All incoming air cargo passed through radiation detectors as the agency implements laws designed to avert what the 9/11 Commission’s final report called a major security vulnerability – cargo on airplanes as a potential avenue for terrorism.
In the test at Dulles, every piece will be scanned, but the emphasis is on international cargo, DHS said.
By the end of the year, four more airports will be equipped with Radiation Portal Monitors, at a cost of US$450,000 each, installed. DHS plans eventually to install the detectors at 30 of the nation’s largest airports.
Meanwhile, Lufthansa Cargo said it would install explosive trace detection systems at all Lufthansa destinations in the US by the end of September.
That puts the German carrier well ahead of congressionally mandated inspection requirements which state that by February 2009, half of all cargo transported on passenger planes must be screened. A full 100 per cent of cargo must be checked by August 2010.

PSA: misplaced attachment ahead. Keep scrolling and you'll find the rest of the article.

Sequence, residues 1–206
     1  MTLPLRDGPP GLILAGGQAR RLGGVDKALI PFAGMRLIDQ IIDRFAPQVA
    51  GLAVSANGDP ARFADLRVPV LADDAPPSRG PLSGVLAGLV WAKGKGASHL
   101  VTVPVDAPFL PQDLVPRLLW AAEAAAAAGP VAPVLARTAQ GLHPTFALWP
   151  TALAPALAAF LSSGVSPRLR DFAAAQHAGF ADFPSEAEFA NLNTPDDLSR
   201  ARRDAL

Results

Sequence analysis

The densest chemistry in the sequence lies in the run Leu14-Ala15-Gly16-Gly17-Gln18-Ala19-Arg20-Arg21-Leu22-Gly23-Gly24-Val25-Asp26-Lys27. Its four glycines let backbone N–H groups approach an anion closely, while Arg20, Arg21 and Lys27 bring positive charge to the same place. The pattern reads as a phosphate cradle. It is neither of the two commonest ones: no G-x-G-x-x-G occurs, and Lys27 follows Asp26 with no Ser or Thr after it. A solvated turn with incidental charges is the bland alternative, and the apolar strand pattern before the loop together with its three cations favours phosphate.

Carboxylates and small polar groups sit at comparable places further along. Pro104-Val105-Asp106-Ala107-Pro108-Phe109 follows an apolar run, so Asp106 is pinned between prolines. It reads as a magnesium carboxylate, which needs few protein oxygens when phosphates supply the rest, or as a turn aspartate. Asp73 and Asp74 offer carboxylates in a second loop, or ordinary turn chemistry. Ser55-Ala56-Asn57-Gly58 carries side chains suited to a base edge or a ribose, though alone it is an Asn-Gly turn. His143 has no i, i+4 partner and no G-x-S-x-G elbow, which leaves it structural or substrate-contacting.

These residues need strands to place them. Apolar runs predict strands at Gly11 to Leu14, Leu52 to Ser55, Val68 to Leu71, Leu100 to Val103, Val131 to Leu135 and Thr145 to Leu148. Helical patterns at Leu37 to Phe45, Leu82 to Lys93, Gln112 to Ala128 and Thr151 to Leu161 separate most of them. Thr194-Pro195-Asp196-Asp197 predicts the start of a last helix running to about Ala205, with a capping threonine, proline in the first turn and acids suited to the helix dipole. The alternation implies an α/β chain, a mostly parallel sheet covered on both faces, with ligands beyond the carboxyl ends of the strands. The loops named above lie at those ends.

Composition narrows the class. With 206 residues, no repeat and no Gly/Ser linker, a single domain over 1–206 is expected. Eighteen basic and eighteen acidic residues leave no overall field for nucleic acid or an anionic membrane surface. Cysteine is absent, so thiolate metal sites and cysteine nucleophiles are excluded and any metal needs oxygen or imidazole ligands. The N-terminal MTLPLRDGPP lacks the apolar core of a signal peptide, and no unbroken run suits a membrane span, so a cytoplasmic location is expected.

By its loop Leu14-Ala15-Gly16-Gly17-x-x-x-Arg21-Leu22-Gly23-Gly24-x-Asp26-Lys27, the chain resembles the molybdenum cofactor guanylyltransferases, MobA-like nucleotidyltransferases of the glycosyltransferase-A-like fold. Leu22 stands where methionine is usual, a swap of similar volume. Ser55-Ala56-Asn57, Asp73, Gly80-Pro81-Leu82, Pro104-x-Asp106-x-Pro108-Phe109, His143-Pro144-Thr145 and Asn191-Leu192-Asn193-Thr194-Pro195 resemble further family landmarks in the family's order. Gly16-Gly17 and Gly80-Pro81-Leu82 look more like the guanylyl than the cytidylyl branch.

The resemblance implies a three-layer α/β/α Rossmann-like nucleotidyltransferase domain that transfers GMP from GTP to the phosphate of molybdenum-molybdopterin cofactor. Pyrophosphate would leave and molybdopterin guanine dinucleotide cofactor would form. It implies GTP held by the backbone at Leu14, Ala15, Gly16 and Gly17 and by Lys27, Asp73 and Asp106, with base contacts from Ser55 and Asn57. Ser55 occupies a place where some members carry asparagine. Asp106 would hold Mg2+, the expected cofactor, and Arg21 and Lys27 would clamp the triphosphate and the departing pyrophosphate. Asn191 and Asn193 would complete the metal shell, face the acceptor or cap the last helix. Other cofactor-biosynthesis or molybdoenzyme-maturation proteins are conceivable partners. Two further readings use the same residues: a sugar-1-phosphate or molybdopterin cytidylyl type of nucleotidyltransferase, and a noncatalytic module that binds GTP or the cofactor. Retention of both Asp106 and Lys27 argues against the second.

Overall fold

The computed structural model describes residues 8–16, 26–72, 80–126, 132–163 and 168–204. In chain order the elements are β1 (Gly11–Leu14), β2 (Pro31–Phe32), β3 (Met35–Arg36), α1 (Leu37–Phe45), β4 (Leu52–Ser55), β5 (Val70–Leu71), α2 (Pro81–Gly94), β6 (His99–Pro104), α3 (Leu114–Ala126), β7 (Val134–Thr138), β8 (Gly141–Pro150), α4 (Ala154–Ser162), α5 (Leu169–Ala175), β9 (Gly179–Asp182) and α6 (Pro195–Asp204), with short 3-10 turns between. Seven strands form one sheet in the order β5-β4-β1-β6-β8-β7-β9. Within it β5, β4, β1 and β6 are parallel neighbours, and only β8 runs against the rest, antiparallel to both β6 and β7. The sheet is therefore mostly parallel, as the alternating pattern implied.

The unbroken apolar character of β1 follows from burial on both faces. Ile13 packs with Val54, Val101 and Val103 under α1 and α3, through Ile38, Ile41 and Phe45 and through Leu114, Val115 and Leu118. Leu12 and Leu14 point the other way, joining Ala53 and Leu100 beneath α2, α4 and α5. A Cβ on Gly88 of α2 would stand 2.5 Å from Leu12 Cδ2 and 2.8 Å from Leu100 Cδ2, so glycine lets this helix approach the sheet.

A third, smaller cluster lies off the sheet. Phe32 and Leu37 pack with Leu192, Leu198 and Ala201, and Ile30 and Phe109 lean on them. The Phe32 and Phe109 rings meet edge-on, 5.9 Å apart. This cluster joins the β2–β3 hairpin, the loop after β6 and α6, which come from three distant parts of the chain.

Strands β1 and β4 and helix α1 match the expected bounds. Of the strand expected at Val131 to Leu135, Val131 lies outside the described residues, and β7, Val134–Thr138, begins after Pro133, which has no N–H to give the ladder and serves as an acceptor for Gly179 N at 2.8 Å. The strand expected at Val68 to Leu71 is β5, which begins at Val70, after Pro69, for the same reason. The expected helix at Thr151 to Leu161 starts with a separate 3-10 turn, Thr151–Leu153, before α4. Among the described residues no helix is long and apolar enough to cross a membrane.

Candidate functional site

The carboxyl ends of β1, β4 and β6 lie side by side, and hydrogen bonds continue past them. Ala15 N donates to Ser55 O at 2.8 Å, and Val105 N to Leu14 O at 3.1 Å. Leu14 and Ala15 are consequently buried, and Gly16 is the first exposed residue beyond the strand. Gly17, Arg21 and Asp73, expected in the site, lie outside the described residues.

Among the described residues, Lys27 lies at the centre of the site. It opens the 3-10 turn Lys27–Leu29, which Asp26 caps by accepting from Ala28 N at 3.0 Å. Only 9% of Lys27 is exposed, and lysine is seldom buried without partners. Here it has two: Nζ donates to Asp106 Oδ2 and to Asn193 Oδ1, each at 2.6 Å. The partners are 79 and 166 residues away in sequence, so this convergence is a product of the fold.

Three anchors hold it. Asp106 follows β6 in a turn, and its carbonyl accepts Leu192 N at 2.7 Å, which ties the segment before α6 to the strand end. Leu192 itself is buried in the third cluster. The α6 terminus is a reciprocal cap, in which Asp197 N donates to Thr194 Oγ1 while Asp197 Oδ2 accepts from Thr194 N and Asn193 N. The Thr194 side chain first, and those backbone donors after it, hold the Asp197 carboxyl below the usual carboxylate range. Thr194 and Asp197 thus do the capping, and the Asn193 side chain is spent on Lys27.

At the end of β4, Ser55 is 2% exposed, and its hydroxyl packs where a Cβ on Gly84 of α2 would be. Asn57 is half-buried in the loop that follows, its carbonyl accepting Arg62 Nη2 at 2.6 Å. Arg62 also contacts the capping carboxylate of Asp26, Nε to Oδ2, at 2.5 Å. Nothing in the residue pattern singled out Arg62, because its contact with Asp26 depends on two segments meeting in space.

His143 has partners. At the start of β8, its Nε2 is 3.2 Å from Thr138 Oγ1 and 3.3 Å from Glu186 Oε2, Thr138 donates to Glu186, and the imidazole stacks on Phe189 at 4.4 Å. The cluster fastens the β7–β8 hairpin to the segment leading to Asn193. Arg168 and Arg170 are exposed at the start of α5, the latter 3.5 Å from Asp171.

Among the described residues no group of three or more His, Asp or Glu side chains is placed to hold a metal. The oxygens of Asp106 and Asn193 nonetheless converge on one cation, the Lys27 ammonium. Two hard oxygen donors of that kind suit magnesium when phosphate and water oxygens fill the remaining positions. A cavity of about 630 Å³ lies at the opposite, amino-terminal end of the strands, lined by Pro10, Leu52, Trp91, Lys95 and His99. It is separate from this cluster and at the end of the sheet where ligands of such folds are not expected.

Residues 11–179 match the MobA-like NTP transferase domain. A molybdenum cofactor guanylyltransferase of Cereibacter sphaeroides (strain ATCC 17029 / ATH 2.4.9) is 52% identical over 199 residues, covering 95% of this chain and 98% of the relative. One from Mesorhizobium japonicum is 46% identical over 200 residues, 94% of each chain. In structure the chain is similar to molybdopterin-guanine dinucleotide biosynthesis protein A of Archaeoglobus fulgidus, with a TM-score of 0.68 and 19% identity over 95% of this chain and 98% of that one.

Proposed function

Harald Zielinski, Lufthansa Cargo’s security chief, said the carrier is investing “single-digit million euros” in the systems, which will be able to detect various types of explosives concealed within shipments.
Lufthansa serves US destinations, including: New York, Newark, Boston, Philadelphia, Washington, Detroit; Charlotte, Orlando, Miami, Houston, Chicago, Dallas/Fort Worth, Atlanta, Denver, San Francisco, Seattle, Los Angeles and Portland, Oregon.
In addition, Lufthansa said it has transformed its bases in Chicago and Los Angeles into “security hubs,” by installing physical access barriers, comprehensive video surveillance, explosive detection equipment, and by using biometric checks and security guard patrols. Lufthansa Cargo has already converted its bases in Frankfurt, Munich, New York and Shanghai into security hubs.